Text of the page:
Maddux, C., & Cummings, R. (2004). Fad, Fashion, and the Weak Role of Theory and
Research in Information Technology in Education. Journal of Technology and Teacher
Education, 12(4), 511-533. Retrieved September 6, 2017.
Maddux and Cummings describe the reasons why many innovations in educational technology are mislabeled as fads. While they acknowledge that fads are a problem in most professions, they point out that education is often plagued with an overabundance of them. Through the article, they explain that the lack of trust that educators and policymakers have in educational research is partly to blame for many innovations, which could have a major impact on student learning, being labeled as fads. The article concludes by discussing how teacher educators must push their students to better understand educational theories and realize the import role that educational research can play in the implementation of new innovations in the classroom setting.
This article uses a few specific examples to demonstrate the difference between fad innovations that have few logical connections to educational theories and innovations that could have had a greater impact on learning but became fads because the pedagogy behind the innovation was not well understood by classroom educators. These examples allow the reader to better understand the importance of having teachers understand the educational theories behind the innovations they are implementing in their classrooms. The article concludes with suggestions that could alleviate the problems pointed out by the authors. These suggestions are things that could realistically be done to help educators and educational researchers to better work together toward the common goal of generating real change in the educational system.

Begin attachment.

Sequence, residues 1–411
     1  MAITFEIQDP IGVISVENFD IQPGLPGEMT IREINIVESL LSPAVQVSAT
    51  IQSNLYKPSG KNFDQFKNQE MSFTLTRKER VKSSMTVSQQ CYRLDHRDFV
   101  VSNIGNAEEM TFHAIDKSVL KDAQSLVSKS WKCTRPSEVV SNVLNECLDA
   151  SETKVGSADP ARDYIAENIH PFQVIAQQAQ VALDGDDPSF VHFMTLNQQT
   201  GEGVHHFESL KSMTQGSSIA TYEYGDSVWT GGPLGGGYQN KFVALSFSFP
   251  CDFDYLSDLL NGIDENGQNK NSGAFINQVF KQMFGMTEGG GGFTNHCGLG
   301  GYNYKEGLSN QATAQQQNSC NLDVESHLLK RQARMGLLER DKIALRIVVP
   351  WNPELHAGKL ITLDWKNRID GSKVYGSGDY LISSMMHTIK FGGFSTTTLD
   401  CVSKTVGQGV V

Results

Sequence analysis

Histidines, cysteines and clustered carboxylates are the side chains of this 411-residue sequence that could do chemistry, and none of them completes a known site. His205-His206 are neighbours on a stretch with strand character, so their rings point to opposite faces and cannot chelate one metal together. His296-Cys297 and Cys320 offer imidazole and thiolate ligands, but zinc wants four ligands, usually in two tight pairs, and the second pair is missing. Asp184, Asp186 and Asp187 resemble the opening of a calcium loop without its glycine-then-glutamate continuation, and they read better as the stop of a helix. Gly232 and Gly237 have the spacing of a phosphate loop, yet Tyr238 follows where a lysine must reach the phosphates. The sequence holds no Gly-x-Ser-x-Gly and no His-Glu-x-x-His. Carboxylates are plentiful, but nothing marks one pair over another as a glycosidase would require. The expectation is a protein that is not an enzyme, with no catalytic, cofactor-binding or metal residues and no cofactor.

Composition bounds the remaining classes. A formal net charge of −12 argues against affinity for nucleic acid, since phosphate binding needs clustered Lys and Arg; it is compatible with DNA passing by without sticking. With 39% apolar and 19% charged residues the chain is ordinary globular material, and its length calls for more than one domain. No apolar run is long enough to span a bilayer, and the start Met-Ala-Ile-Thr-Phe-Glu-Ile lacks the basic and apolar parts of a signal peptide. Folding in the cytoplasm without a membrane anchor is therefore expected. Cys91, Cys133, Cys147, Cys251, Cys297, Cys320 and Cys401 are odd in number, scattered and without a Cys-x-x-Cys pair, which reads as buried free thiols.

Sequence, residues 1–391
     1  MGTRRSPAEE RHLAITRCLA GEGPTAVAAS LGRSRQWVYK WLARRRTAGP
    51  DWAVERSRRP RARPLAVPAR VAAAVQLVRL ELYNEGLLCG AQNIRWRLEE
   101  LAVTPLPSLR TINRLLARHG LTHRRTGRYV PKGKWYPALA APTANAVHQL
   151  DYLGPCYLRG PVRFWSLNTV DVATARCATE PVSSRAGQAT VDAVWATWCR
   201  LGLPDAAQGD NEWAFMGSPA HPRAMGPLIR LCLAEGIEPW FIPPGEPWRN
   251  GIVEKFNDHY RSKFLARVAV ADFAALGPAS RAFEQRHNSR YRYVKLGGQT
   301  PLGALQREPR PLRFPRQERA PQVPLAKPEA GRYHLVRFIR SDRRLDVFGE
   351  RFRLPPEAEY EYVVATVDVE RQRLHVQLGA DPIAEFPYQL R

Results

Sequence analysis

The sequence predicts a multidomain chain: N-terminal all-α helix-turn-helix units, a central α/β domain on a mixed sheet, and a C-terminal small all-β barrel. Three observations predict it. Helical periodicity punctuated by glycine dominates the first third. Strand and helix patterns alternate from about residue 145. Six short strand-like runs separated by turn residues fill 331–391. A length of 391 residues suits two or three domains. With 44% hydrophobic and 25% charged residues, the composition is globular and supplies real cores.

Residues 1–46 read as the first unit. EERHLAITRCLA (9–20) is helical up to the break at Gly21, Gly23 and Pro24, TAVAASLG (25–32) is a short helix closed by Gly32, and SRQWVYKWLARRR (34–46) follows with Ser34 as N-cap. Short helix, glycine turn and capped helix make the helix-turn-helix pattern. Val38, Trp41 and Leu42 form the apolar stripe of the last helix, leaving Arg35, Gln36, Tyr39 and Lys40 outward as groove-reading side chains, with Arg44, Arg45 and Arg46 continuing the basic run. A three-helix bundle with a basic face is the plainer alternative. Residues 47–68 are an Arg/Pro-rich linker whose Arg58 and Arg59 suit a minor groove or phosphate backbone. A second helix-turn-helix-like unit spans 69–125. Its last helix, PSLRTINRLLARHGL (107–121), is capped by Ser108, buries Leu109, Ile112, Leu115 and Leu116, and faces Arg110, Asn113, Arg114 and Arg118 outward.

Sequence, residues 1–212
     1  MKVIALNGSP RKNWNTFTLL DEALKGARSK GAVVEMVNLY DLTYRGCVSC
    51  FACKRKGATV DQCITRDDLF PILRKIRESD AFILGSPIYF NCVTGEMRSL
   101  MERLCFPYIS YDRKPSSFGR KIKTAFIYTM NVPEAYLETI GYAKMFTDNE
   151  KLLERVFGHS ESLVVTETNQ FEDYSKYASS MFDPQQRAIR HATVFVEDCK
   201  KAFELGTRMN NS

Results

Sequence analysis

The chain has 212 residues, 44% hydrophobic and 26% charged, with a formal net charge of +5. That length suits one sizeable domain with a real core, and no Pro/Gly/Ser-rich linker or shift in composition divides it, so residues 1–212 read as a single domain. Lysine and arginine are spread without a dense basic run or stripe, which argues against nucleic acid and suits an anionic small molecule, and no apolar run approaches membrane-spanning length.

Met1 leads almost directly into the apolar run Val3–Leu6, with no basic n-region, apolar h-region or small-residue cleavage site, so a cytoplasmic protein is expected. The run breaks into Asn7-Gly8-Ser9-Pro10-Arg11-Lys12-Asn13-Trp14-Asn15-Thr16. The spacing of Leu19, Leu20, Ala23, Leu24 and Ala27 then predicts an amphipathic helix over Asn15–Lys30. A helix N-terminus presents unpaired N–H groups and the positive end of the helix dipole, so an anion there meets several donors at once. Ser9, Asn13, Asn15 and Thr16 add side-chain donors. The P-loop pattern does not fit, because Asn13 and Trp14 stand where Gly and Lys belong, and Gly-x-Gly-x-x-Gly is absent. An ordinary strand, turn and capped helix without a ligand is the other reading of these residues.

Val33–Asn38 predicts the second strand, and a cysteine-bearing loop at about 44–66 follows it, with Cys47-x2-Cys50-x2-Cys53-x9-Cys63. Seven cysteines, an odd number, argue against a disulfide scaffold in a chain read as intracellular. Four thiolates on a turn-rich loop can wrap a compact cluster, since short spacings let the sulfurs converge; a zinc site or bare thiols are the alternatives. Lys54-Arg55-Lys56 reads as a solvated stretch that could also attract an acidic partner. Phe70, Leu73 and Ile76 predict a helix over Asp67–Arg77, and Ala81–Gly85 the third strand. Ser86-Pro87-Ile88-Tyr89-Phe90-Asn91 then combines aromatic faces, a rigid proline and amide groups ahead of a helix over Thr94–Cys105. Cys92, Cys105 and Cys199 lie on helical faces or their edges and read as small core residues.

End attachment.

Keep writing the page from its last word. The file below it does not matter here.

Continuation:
For educators who are interested in creating meaningful learning experiences for their students, it is often hard to determine what educational technology approaches will provide the environment students can truly benefit from and what approaches are merely fads. Teacher leaders can use the material in this article to support the need for sound educational research which will truly support the decision making process in individual classrooms, schools, districts, and state departments.